Life is filled with distractions and external stimulation, and very often, the noise in our heads prevents us from contemplating and reflecting. It is within the silence of solitude that we are able to recognize our inner strength, and our ability to access inner wisdom. Solitude creates clarity and allows us to become comfortable and appreciate who we truly are. Finally, in solitude, we can contemplate, reflect, or simply enjoy being with our own energy and our inner core.  

So, if you’re feeling restless, agitated, or overwhelmed, take some time to sit within the quiet space of solitude, and give yourself the gift of nurturing your soul.

Then, watch what happens...

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Cultivating Resilience – “Still, I Rise”

Do you ever wonder why some individuals seem to handle adversity better than others? Given the same circumstances, why do some people give up, while others stand and fight, overcome the challenge at hand, and emerge stronger?

This week, I would like to blog about how we react when we’re presented with challenges or adversity, and ways that we can cultivate resilience. Below, I want to share some insights that I’ve learned over the years that help me. 

Learning Lessons  

Every difficulty or challenge is accompanied by a learning opportunity. In the midst of adversity, even though it can be difficult, we need to step back and ask ourselves: “What’s the lesson here? What am I supposed to learn from this?”

In order to rise above fear, we need to keep our focus on the learning opportunity rather than the obstacle at hand.  And, it’s not always easy. However, One of the most important truths that I learned in life is that if we don’t learn the lesson the first time, it will just keep repeating itself until we do so. The situations might be different, but the core lesson to be learned will be the same.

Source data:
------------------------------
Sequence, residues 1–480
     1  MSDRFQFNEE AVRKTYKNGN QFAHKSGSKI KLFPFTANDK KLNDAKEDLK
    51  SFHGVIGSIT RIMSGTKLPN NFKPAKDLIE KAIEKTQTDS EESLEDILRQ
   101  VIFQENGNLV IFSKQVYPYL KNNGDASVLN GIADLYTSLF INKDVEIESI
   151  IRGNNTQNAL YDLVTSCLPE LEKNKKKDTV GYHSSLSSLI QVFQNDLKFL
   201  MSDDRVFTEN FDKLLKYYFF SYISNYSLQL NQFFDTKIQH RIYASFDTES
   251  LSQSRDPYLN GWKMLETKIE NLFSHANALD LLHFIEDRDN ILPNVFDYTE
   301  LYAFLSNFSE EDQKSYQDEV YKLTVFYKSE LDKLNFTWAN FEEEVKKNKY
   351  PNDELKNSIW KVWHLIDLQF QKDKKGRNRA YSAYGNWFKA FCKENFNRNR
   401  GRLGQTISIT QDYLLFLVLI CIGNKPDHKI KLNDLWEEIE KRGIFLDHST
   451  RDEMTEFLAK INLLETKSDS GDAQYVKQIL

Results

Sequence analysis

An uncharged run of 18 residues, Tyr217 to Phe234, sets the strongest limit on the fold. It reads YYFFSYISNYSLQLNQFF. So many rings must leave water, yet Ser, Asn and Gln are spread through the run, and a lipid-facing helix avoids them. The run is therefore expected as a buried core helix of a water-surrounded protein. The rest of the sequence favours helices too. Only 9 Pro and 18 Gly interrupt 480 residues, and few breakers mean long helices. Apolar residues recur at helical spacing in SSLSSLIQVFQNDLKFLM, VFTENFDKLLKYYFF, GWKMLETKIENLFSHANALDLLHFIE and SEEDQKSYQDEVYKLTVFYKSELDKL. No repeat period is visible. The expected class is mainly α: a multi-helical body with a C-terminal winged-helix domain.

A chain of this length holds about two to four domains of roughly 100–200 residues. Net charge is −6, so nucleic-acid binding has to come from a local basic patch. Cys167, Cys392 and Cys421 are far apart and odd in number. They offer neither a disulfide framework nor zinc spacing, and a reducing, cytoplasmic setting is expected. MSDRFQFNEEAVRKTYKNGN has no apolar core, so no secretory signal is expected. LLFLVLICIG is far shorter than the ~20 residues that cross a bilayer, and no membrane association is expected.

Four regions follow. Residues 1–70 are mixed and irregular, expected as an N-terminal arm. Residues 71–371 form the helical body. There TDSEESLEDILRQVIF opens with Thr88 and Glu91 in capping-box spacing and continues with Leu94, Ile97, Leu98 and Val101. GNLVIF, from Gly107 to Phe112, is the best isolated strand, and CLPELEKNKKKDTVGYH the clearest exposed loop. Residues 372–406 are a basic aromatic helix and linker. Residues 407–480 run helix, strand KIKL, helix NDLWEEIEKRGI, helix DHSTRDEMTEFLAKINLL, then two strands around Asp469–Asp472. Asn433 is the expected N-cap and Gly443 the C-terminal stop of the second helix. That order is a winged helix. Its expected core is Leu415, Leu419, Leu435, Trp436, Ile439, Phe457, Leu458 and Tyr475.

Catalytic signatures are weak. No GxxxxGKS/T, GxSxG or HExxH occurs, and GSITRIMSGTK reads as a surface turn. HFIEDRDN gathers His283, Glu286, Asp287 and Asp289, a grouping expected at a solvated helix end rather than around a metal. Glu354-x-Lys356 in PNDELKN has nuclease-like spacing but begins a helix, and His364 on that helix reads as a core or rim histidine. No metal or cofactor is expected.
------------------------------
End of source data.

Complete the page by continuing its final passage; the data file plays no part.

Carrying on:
Hope

Regardless of how dark the road might seem, it helps to focus on the glimmer of hope. Hope is powerful. We can live without water for 2-3 days, without food for about 4-6  weeks, but I don’t think that we can survive very long without hope. There is simply no motivation to forge forward if the only thing that we see is never-ending darkness. Conversely, if we have a strong sense of hope, we can survive just about anything. At least, this has been my experience.

Hope is a optimistic frame of mind, and it is cultivated by the thoughts we choose to focus on. When we have hope, then we believe that we will overcome any challenges or obstacles in our path.

Although we don’t always have control over our circumstances, we have complete control over our thoughts, and we can re-train our minds to shift our focus and redirect our thinking. 

Spirituality

I’ve learned that if I draw upon my spiritual connection, somehow God/the Higher Power, gives me the strength to deal whatever is presented to me. Every morning, I save this prayer: “Dear God, please help me to remember that nothing can happen to me today that you and I,  together, can I handle.” 

Acceptance